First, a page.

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close this bookCARE Food Manual (CARE , 1998, 355 p.)
close this folderChapter 2 - Assessments Cost and Logistics
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Open this folder and view contentsI. Logistics Assessment
View the documentII. Assessing Costs

II. Assessing Costs

Food aid programs are costly, and it is critical that CARE and counterparts integrate rigorous cost analyses into all programming decisions in order to use resources effectively and efficiently, and country offices should pay careful attention to whether they will carry out activities directly, form partnerships or contract out services.

Costs will vary depending upon program size, method of distribution, feeding schedules, and the local infrastructure available for project operations. Funds will be required for supervision, warehouse storage and handling, monitoring, and overall management and administration. In addition, costs are associated with survey design and analysis, training, personnel, transportation, and beneficiary selection. All these costs are borne by the donor, CARE, the recipient government and project participants either through cash or in-kind support. See Attachments for an example of a worksheet that could be used for estimating costs.

Cost analyses should be conducted. Some examples include:

· Costs per ration (e.g., total costs and logistics, direct and indirect program costs as a percent of total ration costs)

· Costs per metric ton

· Costs per beneficiary

· Direct operational costs of CARE as a percent of total program cost

· Local cash and in-kind contributions as a percent of total program resources

· Cash and in-kind contributions by communities and/or beneficiaries as a percent of total program resources.

Food aid projects are expensive, require considerable manpower, and are cumbersome to manage. In developing a food aid project, country offices must be prepared to justify each cost element.

Project Resource Requirements

Program Elements

Required Inputs


Systems to gather and analyze information collected on the target population Ration cards or registration procedures


Staff to determine:

· Total tonnage to be transported/delivered
· Breakdown of tonnage by delivery location
· Time frame required to complete each delivery
· Expected duration of the program

· Agreements with the host government, donor, counterparts, transportation companies, clearing and forwarding agents, storage facilities, and project participants


Preprinted multiple copy issue (waybills) and adjustment vouchers Storehouse ledgers


Organizational structures and clear assignment of responsibilities
Both formal and on-the-job training
Initial and periodic systems analysis to insure:

· Proper authorizations
· Accountability
· Checks on the recording of transactions
· Regular stock reports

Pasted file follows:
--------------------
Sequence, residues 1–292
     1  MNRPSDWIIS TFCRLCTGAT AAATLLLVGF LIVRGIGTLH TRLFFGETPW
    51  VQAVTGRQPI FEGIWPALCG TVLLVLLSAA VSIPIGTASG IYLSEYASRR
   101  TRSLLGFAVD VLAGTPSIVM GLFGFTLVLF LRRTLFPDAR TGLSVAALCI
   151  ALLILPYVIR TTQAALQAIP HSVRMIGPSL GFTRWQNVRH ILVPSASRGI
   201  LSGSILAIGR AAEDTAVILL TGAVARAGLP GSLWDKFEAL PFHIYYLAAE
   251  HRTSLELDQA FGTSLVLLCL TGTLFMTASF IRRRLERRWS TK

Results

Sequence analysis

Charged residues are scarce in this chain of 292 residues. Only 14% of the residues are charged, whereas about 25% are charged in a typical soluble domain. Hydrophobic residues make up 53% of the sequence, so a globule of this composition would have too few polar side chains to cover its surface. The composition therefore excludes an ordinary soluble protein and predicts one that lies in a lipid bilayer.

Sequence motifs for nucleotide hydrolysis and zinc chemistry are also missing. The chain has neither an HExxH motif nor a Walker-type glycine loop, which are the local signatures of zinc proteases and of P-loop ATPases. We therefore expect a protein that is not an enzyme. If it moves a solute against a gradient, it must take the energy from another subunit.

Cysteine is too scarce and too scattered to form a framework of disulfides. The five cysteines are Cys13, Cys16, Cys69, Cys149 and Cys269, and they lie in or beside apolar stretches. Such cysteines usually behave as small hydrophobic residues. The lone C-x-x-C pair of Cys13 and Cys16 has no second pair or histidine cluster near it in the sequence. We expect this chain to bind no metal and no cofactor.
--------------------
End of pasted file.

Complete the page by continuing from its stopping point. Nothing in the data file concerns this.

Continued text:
· Limited access to assets
· Separation of duties

Staff rotation

Procurement (many of these costs are borne directly by the donor, but should be considered in the overall cost of food aid projects)

Office material and equipment
Vehicles for monitoring and management
Freight forwarder
Systems in CARE country office, local donor office, CARE
Atlanta, donor headquarters office to process calls forward and purchase food
Processing and packaging, if required
Pre-shipping storage and handling
Ocean freight
Overland transport to the border in landlocked countries

Port Charges

Landing charges other fees
Charges for movement of cargo from storage area and loading on forwarding transport (includes labor)
Demurrage charges for not clearing food out of port warehouses on a timely basis
Survey charges for inspection of the cargo prior to discharge to fix responsibility for any damages en route.

Internal Transport, Storage and Handling

Adequate discharge, storage, and off-take facilities at port, including stevedores, supervision, transit sheds and port storage
Ex-tackle, ex-shed, and discharge surveys
Staff and scales to collect sample weights of the food Reconstitution costs, including extra bags, labor, stitching machines and scales
Local clearing and forwarding agent fees
Adequate means of inland transport to central warehouses
Adequate central warehouse facilities, including space, fumigation and reconstitution
Warehouse equipment, pallets, scales, locks
Reliable communications network
Vehicles or transport costs to distribution points
Regular fuel supplies
Anticipation of seasonal constraints and other problems, and backup plans and reserve capacity to minimize delays in distribution
Insurance, such as bonding of warehouses and employees

Delivery Schedules/Distribution Plan

Scheduling of the distribution
Contingency plans for ration deliveries
Training and arrangements for distribution at the sites

On-Site Feeding

Local inputs, such as spices or other foods
Cooking utensils
Materials for complementary activities, such training guides, growth charts, health posters and vaccines

Monitoring and Evaluation Systems

Systematic monitoring and evaluation of:

Process indicators:

· Cleanliness of facilities
· Stock balances at distribution sites
· Validation of inventory records from port to end-use sites
· Ration size
· Distribution procedures and amount of food distributed
· Review of beneficiary lists

Impact indicators:

· Progress of interventions in meeting final and intermediate program goals

· Status and needs of the affected population

· Effectiveness/impact of food assistance

· Status of livelihood systems in a targeted area, including market prices, production, livestock and socioeconomic conditions

Periodic audits and internal reviews